Why modern movies suck monkey balls

If you’ve been paying attention you’ve noticed that lately I’ve been complaining about the shitiness of much of modern film. Both the new Superman film and World War Z were, in my opinion, storytelling flops full of hard to follow action sequences and CGI hoohaw. (Modern CGI has removed the art of spectacle from film – if it’s as easy to show a giant robot flying into the sun and blowing up the universe as it is to show a happy elf, then what’s the point? If anything is visually possible, why be amazed?*)

* I commented on this in my old piece on Steve Ditko: “To me, Ditko’s work has lasted in the same manner of 60′s special effects great Ray Harryhausen – there are newer, better special effects, but in Harryhausen’s work, you can see the elbow grease, the creativity.”

The L.A. Times has an interesting report today noting that many of the big-budget summer films are flailing while smaller B-movies are succeeding. Why?

Several factors may be behind the turnabout, according to Hollywood analysts, including studios doing a better job of serving niche audiences and consumers experiencing blockbuster fatigue.

“Everything looked watered down and the studios were left trying to distinguish their movies,” said Ted Mundorff, chief executive of Landmark Theatres.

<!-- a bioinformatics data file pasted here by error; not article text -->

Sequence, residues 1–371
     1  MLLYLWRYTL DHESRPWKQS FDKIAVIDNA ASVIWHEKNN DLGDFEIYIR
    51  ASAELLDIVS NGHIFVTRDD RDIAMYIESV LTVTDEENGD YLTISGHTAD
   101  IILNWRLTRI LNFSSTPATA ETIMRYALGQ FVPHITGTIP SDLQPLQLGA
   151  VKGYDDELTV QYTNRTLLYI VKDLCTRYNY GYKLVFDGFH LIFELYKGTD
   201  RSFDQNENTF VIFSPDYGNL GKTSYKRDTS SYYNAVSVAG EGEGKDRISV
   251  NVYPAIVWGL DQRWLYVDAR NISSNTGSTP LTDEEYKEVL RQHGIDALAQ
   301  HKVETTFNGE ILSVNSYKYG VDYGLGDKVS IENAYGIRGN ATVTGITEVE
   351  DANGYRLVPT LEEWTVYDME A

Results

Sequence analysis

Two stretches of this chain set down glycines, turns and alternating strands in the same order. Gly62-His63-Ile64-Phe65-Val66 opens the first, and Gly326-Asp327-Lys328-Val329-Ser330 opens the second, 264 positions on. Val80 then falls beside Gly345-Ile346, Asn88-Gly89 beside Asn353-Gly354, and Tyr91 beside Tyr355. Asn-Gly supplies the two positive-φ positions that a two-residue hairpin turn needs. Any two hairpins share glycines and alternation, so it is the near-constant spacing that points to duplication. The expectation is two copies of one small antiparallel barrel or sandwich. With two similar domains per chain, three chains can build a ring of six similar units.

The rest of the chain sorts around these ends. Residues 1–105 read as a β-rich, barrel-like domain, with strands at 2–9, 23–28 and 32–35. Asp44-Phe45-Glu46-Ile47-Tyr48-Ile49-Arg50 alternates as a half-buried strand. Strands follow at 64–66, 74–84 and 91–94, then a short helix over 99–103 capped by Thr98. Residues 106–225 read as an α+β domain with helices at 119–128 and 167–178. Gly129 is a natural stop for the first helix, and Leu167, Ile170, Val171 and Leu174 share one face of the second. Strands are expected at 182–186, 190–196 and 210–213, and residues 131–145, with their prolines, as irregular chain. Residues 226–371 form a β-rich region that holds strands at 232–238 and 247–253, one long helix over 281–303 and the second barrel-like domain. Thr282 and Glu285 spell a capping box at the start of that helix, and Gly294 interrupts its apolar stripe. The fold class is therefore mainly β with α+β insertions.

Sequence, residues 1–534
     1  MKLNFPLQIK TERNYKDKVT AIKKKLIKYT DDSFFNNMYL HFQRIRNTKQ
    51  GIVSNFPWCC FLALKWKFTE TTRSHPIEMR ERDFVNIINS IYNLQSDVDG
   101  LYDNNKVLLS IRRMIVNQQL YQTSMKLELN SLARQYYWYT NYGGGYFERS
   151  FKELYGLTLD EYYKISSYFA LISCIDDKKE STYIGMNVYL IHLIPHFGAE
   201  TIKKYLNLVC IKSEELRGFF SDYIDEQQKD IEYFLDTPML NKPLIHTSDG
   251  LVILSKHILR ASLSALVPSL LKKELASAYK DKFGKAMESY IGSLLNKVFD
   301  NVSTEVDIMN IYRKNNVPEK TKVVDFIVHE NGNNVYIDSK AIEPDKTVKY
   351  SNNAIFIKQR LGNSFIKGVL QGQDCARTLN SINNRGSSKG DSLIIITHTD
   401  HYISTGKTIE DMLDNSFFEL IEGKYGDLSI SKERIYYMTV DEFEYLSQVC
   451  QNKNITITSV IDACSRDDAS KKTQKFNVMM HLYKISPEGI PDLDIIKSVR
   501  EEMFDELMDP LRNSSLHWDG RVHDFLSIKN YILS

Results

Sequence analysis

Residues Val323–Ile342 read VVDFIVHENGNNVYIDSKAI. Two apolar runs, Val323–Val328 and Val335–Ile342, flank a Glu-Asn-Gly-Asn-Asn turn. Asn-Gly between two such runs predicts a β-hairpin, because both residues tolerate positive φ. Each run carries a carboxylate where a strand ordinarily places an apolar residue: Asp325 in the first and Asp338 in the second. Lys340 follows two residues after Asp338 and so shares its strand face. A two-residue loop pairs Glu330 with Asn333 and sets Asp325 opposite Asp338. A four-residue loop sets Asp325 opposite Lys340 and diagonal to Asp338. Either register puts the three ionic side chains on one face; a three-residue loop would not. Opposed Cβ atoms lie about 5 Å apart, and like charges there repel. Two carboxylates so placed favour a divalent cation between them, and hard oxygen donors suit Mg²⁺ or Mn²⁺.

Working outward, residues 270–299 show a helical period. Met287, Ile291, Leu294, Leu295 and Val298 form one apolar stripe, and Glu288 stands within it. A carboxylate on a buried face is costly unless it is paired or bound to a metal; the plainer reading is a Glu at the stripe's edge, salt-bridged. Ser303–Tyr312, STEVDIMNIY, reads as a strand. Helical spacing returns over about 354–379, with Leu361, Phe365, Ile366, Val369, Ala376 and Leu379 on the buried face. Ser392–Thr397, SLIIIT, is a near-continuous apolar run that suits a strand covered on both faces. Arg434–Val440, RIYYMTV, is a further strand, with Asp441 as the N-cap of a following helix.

I’ve felt that fatigue. You find yourself thinking, “Do I want to see the movie where the hoard of zombies attacks New York or do I want to see the movie where the robot-alien attacks Los Angeles? Eh, think I’ll stay home.”

But I could get past the pointless spectacle if so many big budget movies of today didn’t also suffer from uninspired plots. The sense I get from many recent films is that they are written by committee and any plot twist that might offend some loser is voted down. In the Times article, Jason Blum, producer of successful B-Movie “The Purge,” is quoted.

Blum noted that similar sense of financial freedom helped him make satisfying choices within the movie. “I can kill my lead halfway through if the story calls for it. You could never do that with a $100- or $200-million movie.”

That’s the rub write there. With “Man of Steel” or “World War Z,” I know, in the general sense, what’s going to happen. That’s not the case with a lot of low budget horror I’ve been watching lately. You don’t see the twists coming. (Ironically, that unpredictability was part of what made the “World War Z” book stand out. But all that was washed from the movie version.)

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